That year, Wesselmann had begun working on a new series of still lifes. experimenting with assemblage as well as collage. In Still Life #28 he included a television set that was turned on, “interested in the competitive demands that a TV, with moving images and giving off light and sound, can make on painted portions” He concentrated on the juxtapositions of different elements and depictions, which were at the time truly exciting for him: “Not just the differences between what they were, but the aura each had with it... A painted pack of cigarettes next to a painted apple wasn’t enough for me. They are both the same kind of thing. But if one is from a cigarette ad and the other a painted apple, they are two different realities and they trade on each other... This kind of relationship helps establish a momentum throughout the picture... At first glance, my pictures seem well behaved, as if – that is a still life, O.K. But these things have such crazy give-and-take that I feel they get really very wild”. He married Claire Selley in November 1963.

In 1964 Ben Birillo, an artist and business partner of gallery owner Paul Bianchini, contacted Wesselmann and other Pop artists with the goal of organizing The American Supermarket at the Bianchini Gallery in New York. This was an installation of a large supermarket where Pop works (Warhol’s Campbell’s Soup, Watts’s colored wax eggs etc.) were shown among real food and neon signs. In the same year Wesselmann began working on landscapes, including one that includes the noise of a Volkswagen starting up. The first shaped canvas nudes also appeared this year.

1965-1970

His works in these years: Great American Nude #53, Great American Nude #57, show an accentuated, more explicit, sensuality, as though celebrating the rediscovered sexual fulfilment of his new relationship. He carried on working on his landscapes, but also made the Great American Nude #82, reworking the nude in a third dimension not defined by drawn lines but by medium: molded plexiglass modeled on the female figure, then painted. His compositional focus also became more daring, narrowing down to isolate a single detail: the Mouth series began in 1965, his Seascapes began the following year. Two other new subjects also appeared: Bedroom Painting, and Smoker Study, the latter of which developed from observation of his model for the Mouth series. The Smoker Study series of works would become one of the most recurrent themes in the 1970s.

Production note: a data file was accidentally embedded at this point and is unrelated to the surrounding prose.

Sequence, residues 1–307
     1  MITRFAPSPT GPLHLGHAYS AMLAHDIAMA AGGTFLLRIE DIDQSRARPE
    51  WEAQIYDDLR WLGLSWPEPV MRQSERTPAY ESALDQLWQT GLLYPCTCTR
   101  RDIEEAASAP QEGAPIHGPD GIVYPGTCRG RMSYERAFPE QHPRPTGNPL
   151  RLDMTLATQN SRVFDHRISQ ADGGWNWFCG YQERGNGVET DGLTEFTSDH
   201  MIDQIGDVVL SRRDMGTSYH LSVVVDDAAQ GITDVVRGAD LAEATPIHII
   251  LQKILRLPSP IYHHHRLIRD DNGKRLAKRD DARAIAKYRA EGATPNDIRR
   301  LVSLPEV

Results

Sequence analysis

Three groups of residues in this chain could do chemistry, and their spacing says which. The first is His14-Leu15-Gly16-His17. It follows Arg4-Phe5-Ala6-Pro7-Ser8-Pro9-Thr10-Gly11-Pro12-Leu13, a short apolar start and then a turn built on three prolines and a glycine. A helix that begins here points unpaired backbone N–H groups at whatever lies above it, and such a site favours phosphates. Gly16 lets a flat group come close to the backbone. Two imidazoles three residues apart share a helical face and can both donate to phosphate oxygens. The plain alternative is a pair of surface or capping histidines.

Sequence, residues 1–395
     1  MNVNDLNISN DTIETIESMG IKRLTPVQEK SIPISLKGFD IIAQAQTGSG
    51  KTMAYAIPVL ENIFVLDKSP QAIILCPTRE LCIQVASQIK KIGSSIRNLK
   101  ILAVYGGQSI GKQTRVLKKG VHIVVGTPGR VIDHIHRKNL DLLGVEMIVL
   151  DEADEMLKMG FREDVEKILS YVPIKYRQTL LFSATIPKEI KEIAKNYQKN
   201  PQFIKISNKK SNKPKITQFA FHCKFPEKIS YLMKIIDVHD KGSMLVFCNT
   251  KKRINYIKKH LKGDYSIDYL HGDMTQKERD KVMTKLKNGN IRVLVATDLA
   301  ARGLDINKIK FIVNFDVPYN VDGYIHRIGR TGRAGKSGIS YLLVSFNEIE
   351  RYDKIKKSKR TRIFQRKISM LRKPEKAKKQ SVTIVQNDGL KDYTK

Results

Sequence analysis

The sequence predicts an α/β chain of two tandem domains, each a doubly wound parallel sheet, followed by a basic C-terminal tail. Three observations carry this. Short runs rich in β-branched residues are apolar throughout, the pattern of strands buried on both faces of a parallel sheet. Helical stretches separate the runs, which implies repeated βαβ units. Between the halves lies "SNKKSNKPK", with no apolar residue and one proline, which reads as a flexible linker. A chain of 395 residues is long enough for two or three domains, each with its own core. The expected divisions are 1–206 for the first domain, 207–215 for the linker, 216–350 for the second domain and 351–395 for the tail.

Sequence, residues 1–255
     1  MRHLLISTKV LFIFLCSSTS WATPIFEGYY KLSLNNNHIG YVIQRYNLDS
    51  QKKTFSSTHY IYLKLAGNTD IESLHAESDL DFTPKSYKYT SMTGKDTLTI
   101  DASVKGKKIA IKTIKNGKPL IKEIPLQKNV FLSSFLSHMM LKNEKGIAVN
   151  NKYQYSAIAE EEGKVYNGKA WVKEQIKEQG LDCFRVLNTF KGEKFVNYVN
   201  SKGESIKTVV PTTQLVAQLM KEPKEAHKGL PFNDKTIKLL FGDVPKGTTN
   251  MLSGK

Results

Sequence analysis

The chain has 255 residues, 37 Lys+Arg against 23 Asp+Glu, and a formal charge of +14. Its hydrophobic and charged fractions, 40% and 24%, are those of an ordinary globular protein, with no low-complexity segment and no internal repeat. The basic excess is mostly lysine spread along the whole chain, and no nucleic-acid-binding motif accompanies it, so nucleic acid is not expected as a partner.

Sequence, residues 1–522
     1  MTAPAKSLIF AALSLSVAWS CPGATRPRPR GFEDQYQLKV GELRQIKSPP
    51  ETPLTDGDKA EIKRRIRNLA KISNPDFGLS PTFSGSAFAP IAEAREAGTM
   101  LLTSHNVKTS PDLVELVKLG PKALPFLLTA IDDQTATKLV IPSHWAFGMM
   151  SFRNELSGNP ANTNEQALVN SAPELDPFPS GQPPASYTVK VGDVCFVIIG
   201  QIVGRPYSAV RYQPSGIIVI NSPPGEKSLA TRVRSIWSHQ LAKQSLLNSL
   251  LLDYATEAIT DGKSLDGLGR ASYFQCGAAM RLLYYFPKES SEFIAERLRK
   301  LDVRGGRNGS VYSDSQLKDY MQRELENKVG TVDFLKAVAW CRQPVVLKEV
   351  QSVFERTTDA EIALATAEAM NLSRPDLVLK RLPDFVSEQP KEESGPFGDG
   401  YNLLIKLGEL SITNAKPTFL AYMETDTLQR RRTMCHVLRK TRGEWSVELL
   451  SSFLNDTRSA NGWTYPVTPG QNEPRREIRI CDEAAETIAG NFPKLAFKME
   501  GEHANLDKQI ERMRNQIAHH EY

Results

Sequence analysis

Beginning in 1965, Wesselmann made several studies for seascapes in oil while vacationing in Cape Cod and upstate New York. In his New York City studio, he used an old projector to enlarge them into large-format works. This series of views, called the Drop-Out series were constructed from the negative space around a breast. The breast and torso frame one side of the image while the arm and the leg form the other two sides. This series of works would become one of the most recurrent themes in the 1970s. He started working on shaped canvases and opted for increasingly large formats.

He worked constantly on the Bedroom Painting series, in which elements of the Great American Nude, Still Lifes and Seascapes were juxtaposed. With these works Wesselmann began to concentrate on a few details of the figure such as hands, feet, and breasts, surrounded by flowers and objects. The Bedroom Paintings shifted the focus and scale of the attendant objects around a nude; these objects are small in relation to the nude, but become major, even dominant elements when the central element is a body part. The breast of a concealed woman appeared in a box among Wesselmann's sculpted still life elements in a piece entitled Bedroom Tit Box, a key work that “...in its realness and internal scale (the scale relationships between the elements) represents the basic idea of the Bedroom Painting”.